THE CURRENT ACCOUNT SHOULD IMPROVE, BUT THE HIGH PUBLIC DEBT RATIO REMAINS A CONCERN
In 2022, the current account balance remained in deficit, despite the strong recovery of tourism and the services trade surplus. The main reason is the deficit in the goods trade balance, which has only mildly improved as the increase in goods export volumes linked to internal demand revival was met by the rise in import prices. In addition, the primary income balance (the balance of investment revenues) remained in deficit as investments of foreigners in Iceland performed better than Icelandic investments abroad due to the deterioration of financial markets in the US and Europe. In 2023, this situation will continue, except that the flow of tourists will be lower so that the surplus in the service’s balance will be lower and the trade in goods’ deficit higher due to lower demand from abroad. The public debt will continue to decrease in 2023 due to limited support measures linked to high inflation but will remain elevated. This should be enough to reduce public debt (20.5% of the total was foreign-denominated debt in Q2 2022) to around 72% of GDP in 2023, which is still above the average 2017-2020 level.
GRAND COALITION KEEPS ON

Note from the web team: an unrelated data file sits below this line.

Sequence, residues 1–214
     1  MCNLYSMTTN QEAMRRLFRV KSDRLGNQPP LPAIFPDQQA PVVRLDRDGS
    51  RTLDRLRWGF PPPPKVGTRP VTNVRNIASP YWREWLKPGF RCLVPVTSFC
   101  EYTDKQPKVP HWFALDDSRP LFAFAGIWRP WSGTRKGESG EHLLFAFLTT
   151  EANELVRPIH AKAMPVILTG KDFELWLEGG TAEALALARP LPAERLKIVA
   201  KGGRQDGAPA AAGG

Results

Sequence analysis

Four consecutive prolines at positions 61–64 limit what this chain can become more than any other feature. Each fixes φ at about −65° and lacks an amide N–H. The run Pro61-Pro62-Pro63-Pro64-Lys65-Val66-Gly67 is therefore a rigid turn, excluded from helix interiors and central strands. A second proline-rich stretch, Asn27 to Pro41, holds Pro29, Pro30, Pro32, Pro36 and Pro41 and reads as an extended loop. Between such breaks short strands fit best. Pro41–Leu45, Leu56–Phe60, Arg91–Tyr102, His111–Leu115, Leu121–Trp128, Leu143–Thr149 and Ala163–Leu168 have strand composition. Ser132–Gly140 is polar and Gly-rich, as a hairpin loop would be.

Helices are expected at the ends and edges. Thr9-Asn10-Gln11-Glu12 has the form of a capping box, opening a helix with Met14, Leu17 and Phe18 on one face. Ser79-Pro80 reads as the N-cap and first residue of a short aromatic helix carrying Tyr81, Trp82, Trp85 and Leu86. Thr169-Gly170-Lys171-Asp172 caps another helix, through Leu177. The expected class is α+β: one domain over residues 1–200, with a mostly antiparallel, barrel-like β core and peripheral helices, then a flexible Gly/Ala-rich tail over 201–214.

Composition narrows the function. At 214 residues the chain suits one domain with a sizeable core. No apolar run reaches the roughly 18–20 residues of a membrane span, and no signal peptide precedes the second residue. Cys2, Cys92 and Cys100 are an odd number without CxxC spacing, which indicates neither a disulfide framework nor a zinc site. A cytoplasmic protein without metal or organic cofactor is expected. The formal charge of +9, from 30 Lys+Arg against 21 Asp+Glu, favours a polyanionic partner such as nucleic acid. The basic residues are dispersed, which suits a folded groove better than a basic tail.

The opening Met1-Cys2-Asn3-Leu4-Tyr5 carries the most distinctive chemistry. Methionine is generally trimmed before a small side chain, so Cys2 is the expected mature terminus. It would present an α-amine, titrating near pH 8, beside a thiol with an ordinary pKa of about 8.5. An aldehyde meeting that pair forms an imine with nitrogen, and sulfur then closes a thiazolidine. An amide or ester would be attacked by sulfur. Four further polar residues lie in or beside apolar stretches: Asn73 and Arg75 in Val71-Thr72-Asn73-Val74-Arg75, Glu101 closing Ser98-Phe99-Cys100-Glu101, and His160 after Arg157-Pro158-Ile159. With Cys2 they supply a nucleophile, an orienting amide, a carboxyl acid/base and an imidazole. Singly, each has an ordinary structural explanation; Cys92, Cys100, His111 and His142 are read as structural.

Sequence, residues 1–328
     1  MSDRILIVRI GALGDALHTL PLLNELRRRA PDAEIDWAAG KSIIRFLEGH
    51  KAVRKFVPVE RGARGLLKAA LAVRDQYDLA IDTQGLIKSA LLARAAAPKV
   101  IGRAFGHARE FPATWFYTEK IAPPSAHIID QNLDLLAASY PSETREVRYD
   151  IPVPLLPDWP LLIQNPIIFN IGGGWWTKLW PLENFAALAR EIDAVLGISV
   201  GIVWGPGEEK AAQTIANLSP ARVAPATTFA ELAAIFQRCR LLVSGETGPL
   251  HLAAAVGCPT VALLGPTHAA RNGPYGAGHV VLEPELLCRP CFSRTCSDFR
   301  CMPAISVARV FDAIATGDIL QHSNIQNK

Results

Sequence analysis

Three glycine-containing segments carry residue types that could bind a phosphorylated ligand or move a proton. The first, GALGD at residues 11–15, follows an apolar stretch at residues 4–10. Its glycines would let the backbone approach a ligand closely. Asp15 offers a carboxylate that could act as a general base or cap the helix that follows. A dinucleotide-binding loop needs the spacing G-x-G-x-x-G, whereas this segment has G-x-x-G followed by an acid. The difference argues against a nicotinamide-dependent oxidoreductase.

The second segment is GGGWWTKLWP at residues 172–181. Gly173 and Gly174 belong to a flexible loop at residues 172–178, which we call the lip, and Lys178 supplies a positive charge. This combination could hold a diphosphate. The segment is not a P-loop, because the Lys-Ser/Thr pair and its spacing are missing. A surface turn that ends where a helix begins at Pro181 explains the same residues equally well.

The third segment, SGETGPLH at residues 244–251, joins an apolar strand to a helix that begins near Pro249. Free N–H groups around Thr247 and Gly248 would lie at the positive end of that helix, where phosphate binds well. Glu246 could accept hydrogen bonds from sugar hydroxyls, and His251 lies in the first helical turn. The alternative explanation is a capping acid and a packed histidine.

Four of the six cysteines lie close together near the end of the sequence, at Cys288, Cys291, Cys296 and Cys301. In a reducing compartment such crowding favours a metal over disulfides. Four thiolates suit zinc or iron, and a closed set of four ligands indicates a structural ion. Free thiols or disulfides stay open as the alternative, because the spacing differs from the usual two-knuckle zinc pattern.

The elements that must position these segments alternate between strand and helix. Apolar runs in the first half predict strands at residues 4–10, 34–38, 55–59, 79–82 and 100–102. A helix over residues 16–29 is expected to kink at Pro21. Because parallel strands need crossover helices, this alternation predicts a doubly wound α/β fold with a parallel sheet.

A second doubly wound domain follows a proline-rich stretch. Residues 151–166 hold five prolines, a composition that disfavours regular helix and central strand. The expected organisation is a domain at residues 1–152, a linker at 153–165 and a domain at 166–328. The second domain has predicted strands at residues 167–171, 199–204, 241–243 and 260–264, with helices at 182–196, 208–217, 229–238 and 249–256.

In the September 2021 parliamentary election, the parties of the Grand Coalition increased their share in Parliament (38 out of 63 seats). The liberal-conservative Independence party (17 cores, unchanged) remained the biggest party in Parliament, followed by the rural Progressive party (13 seats, + 5 seats) and the Left-Green Party (8 cores, -3 seats) of Prime Minister Katrín Jakobsdóttir. Although the parties differ significantly in their political ideology, the Grand Coalition is the leader, confirmed by votes for a second term, probably due to the successful management of the pandemic and the recession in 2020. Although her party lost votes and is the minor party in the coalition, Katrín Jakobsdóttir is leading the government again. However, since the spring of 2022, the government has lost more and more support from the population. The left-green party of PM Jakobsdóttir especially lost support over the summer months because of criticism over plans to deport an excessive number of asylum seekers. The Left-Green party’s voter share in the polls fell from 12.6% at the last election to 8% in 2022. The current coalition would not reach the absolute majority of votes in these polls. Nevertheless, due to the very consensus-oriented political system in Iceland, the incumbent three-party section is still expected to remain in office until the next general election, which will take place in September 2025. In the context of the war in Ukraine, Iceland will benefit from its NATO founding members as the country has no standing military forces.